Re: B 737-500 Depressurization Incident

Date:         17 Mar 99 01:24:59 
From:         Seth Dillon <bdillon1@mindspring.com>
Organization: MindSpring Enterprises
References:   1
Followups:    1
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Puranjai Dass wrote:
> " The aircraft was cleared by Approach Control to descend from FL 370 to
> FL 350 then re-cleared  to descend to 10,000 ft. At FL 360 the F/O
> called "one to go". Just below FL 360 the Master Warning sounded and the
> Left Bleed Trip-Off light came on. The F/O  reached for the QRH. 15 to
> 20 seconds later the Right Bleed Trip-Off Light illuminated. The F/O
> operated the Trip Reset button, then turned to the Captain who was
> putting on his oxygen mask. The F/O donned his mask. The cabin altitude
> warning (an intermittent horn) sounded at 10,000 cabin altitude and this
> was silenced by the F/O operating the horn cutout. He then armed the
> passenger oxygen switch. The aircraft cabin altitude continued to climb.
> Approaching a cabin altitude of 14,000 ft the Captain ordered manual
> deployment of the passenger oxygen masks.
>
> At about FL340 in the descent both bleed lights extinguished and the
> duct pressures returned to a normal reading. An emergency descent was
> initiated. The F/O selected manual mode of the pressure controller and
> manually operated the outflow valves to the closed position. A duct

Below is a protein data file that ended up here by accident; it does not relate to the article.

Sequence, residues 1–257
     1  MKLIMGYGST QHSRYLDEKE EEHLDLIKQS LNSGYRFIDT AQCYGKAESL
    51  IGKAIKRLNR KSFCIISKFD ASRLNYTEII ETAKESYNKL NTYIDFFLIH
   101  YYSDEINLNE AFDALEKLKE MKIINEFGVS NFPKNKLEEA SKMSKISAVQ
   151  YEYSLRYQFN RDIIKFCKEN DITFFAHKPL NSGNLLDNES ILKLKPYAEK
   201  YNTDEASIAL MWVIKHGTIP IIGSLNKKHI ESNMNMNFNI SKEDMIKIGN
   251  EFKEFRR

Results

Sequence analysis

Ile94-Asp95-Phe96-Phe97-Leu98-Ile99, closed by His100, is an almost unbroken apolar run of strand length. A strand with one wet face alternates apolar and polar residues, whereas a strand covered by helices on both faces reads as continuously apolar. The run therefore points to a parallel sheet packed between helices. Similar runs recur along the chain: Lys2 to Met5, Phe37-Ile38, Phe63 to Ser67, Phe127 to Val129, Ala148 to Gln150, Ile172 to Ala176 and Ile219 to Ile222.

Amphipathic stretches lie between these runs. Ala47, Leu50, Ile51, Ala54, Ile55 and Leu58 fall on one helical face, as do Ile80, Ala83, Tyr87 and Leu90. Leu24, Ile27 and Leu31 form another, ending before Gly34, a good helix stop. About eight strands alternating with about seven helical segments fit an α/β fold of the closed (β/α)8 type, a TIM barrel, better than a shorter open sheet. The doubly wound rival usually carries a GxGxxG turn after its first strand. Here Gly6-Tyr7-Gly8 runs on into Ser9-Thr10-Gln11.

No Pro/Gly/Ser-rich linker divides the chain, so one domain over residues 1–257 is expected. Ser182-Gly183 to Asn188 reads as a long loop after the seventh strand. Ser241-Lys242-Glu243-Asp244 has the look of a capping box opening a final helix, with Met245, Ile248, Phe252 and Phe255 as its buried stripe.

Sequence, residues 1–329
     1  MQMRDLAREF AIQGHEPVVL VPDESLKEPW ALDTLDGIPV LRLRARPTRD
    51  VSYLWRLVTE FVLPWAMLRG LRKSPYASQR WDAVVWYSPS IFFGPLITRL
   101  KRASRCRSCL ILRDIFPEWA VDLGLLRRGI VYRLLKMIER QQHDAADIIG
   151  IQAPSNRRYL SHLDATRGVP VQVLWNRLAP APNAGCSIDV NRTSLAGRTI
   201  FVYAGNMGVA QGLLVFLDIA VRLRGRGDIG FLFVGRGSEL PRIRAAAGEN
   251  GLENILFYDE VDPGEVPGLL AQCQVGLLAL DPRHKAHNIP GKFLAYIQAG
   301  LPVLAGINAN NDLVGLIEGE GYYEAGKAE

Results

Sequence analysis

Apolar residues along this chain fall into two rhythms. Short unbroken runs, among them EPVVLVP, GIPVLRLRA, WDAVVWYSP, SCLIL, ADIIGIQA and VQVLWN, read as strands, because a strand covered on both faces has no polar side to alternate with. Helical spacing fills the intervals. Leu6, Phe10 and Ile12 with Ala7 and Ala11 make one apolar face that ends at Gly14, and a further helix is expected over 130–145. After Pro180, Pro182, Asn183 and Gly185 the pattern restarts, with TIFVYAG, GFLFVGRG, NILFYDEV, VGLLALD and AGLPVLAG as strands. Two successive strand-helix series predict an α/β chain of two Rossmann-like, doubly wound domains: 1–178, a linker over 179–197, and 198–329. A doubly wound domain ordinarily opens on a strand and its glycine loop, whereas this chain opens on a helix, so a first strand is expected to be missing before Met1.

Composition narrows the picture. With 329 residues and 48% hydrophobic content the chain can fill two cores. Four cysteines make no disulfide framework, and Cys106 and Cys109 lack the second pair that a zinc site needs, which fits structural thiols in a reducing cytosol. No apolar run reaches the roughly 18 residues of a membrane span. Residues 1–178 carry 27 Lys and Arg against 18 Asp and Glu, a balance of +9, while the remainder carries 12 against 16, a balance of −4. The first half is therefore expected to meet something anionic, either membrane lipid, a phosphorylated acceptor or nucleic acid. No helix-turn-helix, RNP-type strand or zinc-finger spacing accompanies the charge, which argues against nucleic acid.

> overheat illuminated at about the halfway point during the descent. This
> was extinguished after reference to the checklist.
...
> As a result  of this incident a passenger suffered permanent ear damage.
> The senior investigators believe that the pressure differential was
> maintained at  8.65 psi (by the safety relief valves) some time after
> the F/O manually closed the outflow valve (passing 34,000 ft) until the
> a/c reached the 5,000 ft altitude when the outflow valve was re-opened.
> If we assume the pressure differential reached 8.65 psi when the a/c was
> at say 31,000 ft then the cabin altitude would be 4,000 ft (using
> standard atmosphere calculations).

Something doesn't add up here.  If the aircraft was cruising along and
both packs tripped off the cabin would start to climb, even with the
outflow valve full closed.  In a perfect world that would not happen
but  there are a bunch of little leaks everywhere so the cabin will
climb. If the cabin is climbing (psid being reduced) why would the
saftey valves even be in the picture?  They only open when the psid
exceeds a set value.  If they didn't open at altitude with both packs
running, the max psid in this scenario, then they would not open during
the aircraft descent and cabin climb (a reducing psid situation).  If
the cabin reached 14,000 ft then the flight crew is full of crap in
their assertion that a psid of 8.65 was maintained.

In all probability the aircraft experienced a negative pressure
situation during the descent with the outflow valve cranked closed.
This is when the pressure inside the aircraft is less than the pressure
outside the aircraft and is concievable in an aggressive descent.  The
aircraft is not designed to handle this negative pressure and has a
means of alleviating it.  The doors.  Any negative pressure will push
the doors in, the upper and lower gates of the cabin doors and the whole
door in the case of the cargo doors, a little, but enough to releive
negative pressure.  In addition many aircraft have negative pressure
releife valves which open with the slightest amount of negative
pressure.

In my opinion, during the descent inside and out side pressure equalized
and the cabin descended at the same rate as the aircraft.  By my
calculations the descent was at about 1600 fpm (30,000 to 5,000 in 15
minutes).  I don't know and cannot speculate  if that descent rate is
enough to cause permanent ear damage.

-Seth